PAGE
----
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Questioning the Quest Hub

Questioning the Quest Hub in MMORPGs. Is it time for a change? Dynamic events may be the answer.

The MMORPG convention of the quest hub, which swamps players with dozens of tasks as soon as they reach a new area, has become stale and is in need of a rethink.

The quest hub has entrenched itself into modern MMORPG design since before the days of WoW. Although it can be argued that its extensive use in WoW is what has made it such a staple in current design.

Its benefits to a game are well explored. They give players something to do, help standardize loot distribution, and can guide players' travels. They provide impetus and give designers greater control over players' experiences. But do players like this sort of hand holding?

A poll on Kotaku revealed that the boredom of mundane tasks is the main barrier preventing surveyed players from enjoying their time in traditional RPGs. And yet the mundanity of tasks in RPGs are usually eclipsed by random MMORPG quests, such those that would have you kill 10 wolves or collect 10 boar hooves.

For all that quest hubs add to a game, they can also detract. While they can channel players to particular areas, they are in a sense forced to go there. This discourages exploration of locations that do not deal with quests, while diminishing the value of exploring those that are. You will often find large populations of players in area where a particular quest is completed. You will often have to compete with those players for kills and pick-ups in order to complete the quest. Saving an orphan from a band of orcs seems somehow less meaningful when your primary concern is to beat other would-be heroes to the punch right as the event spawns.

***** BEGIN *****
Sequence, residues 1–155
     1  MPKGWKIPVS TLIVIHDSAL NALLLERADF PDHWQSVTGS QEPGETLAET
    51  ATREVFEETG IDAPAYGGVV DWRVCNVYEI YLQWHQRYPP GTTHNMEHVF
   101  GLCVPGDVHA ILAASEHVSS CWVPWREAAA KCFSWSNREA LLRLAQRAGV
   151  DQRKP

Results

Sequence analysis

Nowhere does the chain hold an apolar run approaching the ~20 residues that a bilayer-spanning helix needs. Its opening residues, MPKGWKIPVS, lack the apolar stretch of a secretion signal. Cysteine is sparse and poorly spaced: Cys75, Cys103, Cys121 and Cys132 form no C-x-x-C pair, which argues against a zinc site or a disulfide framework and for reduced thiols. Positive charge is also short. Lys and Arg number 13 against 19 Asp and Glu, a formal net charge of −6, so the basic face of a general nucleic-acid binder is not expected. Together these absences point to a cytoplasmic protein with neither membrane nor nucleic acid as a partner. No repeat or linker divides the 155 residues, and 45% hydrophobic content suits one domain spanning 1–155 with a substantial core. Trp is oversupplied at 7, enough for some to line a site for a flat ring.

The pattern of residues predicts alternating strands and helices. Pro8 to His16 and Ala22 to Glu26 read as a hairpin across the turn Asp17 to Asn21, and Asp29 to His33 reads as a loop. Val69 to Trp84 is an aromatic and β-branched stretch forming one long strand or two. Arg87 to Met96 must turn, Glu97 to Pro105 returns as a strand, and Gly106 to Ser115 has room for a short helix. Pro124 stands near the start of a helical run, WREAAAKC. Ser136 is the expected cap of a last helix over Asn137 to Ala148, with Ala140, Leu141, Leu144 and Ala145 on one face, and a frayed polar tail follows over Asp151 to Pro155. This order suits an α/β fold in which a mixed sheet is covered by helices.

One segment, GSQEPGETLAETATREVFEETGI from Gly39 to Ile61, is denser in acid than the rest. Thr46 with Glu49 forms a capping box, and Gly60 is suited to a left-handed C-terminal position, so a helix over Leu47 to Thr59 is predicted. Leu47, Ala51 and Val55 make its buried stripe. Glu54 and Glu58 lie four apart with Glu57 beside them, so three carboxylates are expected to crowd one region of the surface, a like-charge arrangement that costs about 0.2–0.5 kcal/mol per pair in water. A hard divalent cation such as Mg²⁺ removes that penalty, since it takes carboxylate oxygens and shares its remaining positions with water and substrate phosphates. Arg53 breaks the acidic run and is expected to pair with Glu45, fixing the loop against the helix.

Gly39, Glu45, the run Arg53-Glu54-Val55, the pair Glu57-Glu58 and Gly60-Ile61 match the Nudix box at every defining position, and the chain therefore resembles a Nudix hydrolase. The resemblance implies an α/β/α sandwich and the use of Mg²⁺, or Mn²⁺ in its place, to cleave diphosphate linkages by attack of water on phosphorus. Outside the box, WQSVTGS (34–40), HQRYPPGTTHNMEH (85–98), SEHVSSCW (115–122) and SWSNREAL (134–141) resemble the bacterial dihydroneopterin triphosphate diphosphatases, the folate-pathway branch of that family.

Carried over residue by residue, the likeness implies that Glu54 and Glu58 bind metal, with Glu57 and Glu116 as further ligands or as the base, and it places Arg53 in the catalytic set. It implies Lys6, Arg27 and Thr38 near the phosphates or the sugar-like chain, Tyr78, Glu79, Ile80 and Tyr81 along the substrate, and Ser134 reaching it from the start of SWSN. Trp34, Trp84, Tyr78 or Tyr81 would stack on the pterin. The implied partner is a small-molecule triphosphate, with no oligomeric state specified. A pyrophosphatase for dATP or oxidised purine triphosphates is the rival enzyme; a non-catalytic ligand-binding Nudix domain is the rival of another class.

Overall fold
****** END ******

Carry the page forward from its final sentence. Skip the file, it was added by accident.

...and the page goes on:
Quest hubs also have a negative impact on environmental design that is typified by a grotto filled with forty growling brown bears. The phenomenon of having to cram a lot of identical creatures into a small area is an unfortunate side-effect of quests that would have you kill them en masse.

Doing away with the quest hub format, grants level designers more freedom to create the environment and fill it as they please. But more importantly, it grants players more freedom to explore that environment. They can remain in an area or move on as they please, no longer concerned with whether or not they are progressing a quest.

Turning Everquest into Neverquest?

I am not suggesting doing away with quests altogether, simply lowering the amount of quests. It's not about reducing the game to a mindless grind of random enemies, but it should be pointed out that forcing players to grind quests, as you did in WoW: Wrath of the Lich King, is not much better.

It's a matter of quality over quantity. I would estimate that during a typical experience in an MMORPG, I only truly enjoy about 1 in 20 quests. Combining elements of these standout quests into a central, story-driven quest would perhaps be preferable to spacing them out over dozens of smaller, less meaningful tasks. A great example of the type of quest I'm alluding to can be found in the Lord of the Rings Online's main storyline. Yet between the various stages of the story, LOTRO resorts to the quest hub format.